They used to be rare and quite deleterious, which is due to the fact that most of the pathologically relevant medial medullary infarctions (MMI) that have been described by the Neurologists of old were actually quite large in comparison to what we often find in MRI-proven small rostral medial medullary strokes. We use the particular instance of MMI to review brainstem anatomy along the lines of the 4m4s-rule, try to sketch a brainstem section at the level of the lower and upper medulla and step by step place all the relevant structures in it (corticospinal tract, vestibular centers, medial lemniscus, spinothalamic tract, motor nerves, trigeminal tracts and so on).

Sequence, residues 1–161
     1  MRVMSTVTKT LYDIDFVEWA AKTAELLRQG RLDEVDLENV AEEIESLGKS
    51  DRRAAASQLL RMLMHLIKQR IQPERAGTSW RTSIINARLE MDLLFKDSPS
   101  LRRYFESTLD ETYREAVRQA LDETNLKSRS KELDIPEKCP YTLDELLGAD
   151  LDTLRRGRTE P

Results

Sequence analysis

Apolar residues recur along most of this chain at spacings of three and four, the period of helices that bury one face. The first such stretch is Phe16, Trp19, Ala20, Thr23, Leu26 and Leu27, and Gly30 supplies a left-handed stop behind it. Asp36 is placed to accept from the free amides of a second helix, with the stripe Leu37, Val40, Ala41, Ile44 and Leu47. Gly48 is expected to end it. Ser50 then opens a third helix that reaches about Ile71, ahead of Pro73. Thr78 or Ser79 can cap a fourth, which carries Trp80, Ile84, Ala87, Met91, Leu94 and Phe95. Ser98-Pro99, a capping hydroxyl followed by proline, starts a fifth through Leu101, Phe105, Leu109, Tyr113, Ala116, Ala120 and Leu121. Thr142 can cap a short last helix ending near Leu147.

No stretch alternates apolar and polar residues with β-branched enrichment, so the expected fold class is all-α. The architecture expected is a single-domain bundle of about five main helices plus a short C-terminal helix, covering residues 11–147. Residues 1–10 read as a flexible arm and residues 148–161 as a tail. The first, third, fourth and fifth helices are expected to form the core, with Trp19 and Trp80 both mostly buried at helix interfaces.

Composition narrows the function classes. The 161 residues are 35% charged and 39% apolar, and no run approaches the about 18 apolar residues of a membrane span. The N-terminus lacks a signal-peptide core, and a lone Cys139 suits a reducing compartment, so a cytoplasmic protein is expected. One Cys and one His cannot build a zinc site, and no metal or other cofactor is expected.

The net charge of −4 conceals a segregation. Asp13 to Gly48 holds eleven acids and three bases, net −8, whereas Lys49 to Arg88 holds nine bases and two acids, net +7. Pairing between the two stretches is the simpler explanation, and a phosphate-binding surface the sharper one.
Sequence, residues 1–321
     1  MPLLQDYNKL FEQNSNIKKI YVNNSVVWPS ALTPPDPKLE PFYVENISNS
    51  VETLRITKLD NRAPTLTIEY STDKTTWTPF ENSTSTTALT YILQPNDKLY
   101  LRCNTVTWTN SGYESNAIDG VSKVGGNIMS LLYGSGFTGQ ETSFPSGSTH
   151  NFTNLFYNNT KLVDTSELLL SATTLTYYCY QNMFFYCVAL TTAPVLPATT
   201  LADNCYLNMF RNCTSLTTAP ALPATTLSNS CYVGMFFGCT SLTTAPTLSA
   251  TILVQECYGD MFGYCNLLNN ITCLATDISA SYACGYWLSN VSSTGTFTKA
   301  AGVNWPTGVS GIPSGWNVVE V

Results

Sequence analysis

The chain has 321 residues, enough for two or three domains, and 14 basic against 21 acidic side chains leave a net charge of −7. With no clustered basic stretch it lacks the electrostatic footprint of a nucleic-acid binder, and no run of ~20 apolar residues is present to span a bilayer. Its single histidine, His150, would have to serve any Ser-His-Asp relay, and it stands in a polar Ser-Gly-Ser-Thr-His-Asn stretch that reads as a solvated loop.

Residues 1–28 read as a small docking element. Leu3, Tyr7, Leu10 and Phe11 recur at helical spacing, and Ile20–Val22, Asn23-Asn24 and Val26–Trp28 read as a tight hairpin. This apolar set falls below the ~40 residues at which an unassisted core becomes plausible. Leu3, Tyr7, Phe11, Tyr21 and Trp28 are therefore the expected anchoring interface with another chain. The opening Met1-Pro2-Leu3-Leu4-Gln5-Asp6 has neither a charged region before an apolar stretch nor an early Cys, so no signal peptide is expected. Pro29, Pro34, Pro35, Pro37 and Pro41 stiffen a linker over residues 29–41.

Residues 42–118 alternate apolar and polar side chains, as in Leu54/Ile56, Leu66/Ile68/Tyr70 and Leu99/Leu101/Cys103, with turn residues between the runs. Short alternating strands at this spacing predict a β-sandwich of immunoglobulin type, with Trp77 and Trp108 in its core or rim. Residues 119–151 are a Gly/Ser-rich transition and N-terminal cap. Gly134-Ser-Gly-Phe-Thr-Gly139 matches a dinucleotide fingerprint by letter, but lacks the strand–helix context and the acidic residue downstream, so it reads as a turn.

So why is MMI underrecognized? Because it might hide under the cloak of the simple lacunar syndrome of sensorimotor stroke. Here are hints at the brainstem localization:
- The face is spared in hemiparesis.
- The sensory disturbance is dissociated, affecting mostly medial lemniscal qualities
If more dorsal structures are affected, some more brainstemmy features can appear (vertigo, XII palsy, …). Quite fascinating is ocular lateropulsion, which we also review.
All what I know about this topic is from Caplan’s Stroke Syndromes, where JS Kim has written the chapter on medullary strokes, on which the Koreans seem to know more than anyone else in the world…